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Literature / From Beyond

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"From Beyond" is a horror short story by H. P. Lovecraft, first published in 1934.

The story tells of a high-strung scientist named Crawford Tillinghast who has invented a machine that — partly by stimulating the pineal gland — allows its users to see the vast and terrible layers of reality that coexist with the world perceived by the five senses. He forces the unnamed narrator to undergo this soul-destroying experience, as revenge for previously dismissing Crawford's theories.

A film adaptation was made in 1986, starring Jeffrey Combs.


This story contains examples of:

  • Acid-Trip Dimension: The "reality" seen under the effects of the machine.
  • Another Dimension: There's another dimension that's a scary place.
  • Bittersweet Ending: The narrator survives, but is institutionalized. Even though he is eventually released, he is permanently scarred by the knowledge of the invisible creatures that roam the planet.
  • Chekhov's Gun: A literal gun, being carried by the protagonist as protection against muggers, plays a role in the denouement.
  • Cosmic Horror Story: When an overambitious scientist builds a machine that connects our world with the Outer Darkness — and tests it on himself — you know nothing good is going to happen.
  • Don't Look Back: At the climax of the story, Tillinghast tauntingly tells the protagonist that the thing which disintegrated the servants is right behind him, and if he turns to look at it, it will get him too.
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  • Eldritch Abomination: The things that appear when the resonator is turned on.
  • Empty Piles of Clothing: All that's left of Tillinghast's servants after they're disintegrated by a creature from Beyond. (Lovecraft doesn't explain why the clothes weren't disintegrated as well.)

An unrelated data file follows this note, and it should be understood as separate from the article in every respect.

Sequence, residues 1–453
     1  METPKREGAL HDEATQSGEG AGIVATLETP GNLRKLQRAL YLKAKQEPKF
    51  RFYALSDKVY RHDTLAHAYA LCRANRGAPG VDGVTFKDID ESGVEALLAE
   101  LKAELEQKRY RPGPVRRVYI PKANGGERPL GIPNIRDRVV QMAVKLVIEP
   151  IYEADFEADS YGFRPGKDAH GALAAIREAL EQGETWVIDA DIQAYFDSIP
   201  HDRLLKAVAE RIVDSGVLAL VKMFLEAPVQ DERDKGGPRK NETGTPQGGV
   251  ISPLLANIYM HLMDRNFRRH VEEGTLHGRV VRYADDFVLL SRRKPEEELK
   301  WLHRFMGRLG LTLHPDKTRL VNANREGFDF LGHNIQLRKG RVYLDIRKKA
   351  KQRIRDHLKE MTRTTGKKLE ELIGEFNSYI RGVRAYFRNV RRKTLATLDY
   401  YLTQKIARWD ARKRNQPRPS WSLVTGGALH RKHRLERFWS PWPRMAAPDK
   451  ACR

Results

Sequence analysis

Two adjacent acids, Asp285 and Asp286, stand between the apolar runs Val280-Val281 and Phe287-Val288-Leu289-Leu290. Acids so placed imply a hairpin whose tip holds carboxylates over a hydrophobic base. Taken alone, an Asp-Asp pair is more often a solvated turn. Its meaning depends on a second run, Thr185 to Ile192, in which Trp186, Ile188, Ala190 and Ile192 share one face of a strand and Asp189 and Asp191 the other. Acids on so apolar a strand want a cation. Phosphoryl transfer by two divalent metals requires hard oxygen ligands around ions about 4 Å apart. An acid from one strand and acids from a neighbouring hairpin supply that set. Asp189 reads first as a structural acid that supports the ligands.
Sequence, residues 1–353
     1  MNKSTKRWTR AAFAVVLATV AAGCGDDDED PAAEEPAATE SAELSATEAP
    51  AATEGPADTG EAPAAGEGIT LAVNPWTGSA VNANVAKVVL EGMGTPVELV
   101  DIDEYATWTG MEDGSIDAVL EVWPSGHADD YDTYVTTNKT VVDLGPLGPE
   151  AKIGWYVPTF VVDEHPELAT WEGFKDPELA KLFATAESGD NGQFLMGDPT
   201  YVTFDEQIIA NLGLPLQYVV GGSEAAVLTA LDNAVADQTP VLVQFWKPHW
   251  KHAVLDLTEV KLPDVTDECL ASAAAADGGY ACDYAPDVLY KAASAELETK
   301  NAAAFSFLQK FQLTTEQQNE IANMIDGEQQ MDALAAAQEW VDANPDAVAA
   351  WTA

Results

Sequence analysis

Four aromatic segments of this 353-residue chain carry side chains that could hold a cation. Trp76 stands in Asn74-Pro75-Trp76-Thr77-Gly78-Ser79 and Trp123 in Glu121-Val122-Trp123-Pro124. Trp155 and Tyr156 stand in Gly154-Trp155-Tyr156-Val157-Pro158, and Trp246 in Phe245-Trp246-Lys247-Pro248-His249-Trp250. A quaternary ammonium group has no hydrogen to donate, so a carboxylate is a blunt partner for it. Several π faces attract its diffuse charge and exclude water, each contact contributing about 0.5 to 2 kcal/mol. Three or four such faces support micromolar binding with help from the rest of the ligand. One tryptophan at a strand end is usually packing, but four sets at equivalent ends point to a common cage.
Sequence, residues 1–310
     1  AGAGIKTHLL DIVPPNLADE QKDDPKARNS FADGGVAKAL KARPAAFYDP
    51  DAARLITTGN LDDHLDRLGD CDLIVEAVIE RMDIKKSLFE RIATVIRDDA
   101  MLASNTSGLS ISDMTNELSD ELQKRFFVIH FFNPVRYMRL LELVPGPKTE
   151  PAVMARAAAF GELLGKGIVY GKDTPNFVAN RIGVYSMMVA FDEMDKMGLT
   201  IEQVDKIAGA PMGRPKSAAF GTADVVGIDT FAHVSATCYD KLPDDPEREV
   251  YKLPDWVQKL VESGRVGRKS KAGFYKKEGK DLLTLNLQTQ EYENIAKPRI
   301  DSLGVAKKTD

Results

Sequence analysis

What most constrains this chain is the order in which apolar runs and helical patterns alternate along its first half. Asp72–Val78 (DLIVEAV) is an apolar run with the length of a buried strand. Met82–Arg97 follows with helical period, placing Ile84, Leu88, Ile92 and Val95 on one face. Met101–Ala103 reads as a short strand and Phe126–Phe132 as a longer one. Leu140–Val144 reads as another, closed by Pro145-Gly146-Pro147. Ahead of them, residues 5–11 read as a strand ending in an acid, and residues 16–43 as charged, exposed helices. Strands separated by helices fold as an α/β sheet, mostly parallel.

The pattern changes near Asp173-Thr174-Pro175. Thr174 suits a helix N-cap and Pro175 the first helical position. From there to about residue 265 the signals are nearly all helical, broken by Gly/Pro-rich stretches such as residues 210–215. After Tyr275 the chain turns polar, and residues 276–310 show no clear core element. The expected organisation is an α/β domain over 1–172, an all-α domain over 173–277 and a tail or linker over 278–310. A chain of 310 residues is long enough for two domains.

• Layered World: Tillinghast invents a machine that makes it possible to see the creatures that live in the different layers, but unfortunately, it works both ways. And given this is a Cosmic Horror universe, this is a very bad thing.
  • Living Motion Detector: Tillinghast tells the narrator that the only way to stay safe while the machine is switched on is to keep still — the more you move, the more quickly you'll attract their attention.
  • Mad Scientist: Crawford Tillinghast messes with the nature of reality and doesn't seem bothered when it leads to his servants being eaten by an Eldritch Abomination.
  • Named by the Adaptation: The narrator is given the name Theodore Waite in the Dark Adventure Radio Theatre version. This is for the sake of a rather groan-worthy Pun, as the episode contains a Framing Story in which he is describing the events of the story in a science lecture.
  • Percussive Shutdown: At the climax of the story, about to be eaten by a Thing from Beyond, the protagonist instinctively pulls out his gun — and, realizing that the Thing is likely to be Immune to Bullets, shoots the machine instead, shutting it down and sealing the Thing's reality away from the everyday one.
  • Pineal Weirdness: The mad scientist stimulates his pineal gland, allowing him to perceive reality with more senses than the usual five.
  • Take Our Word for It: The creature that kills the servants is horrifying enough that they scream at the mere sight of it. We never get a description, because the narrator doesn't see it himself; if he had, he wouldn't have lived to tell the tale.
  • They Called Me Mad!: Tillinghast, having succeeded in his experiments, is irrationally vengeful toward everyone who warned him they might not be a good idea.
  • Weirdness Censor: We're surrounded, every second of every day, by bizarre entities doing bizarre things. Our senses are simply not made to perceive them. Normally, theirs aren't either. It's better that way.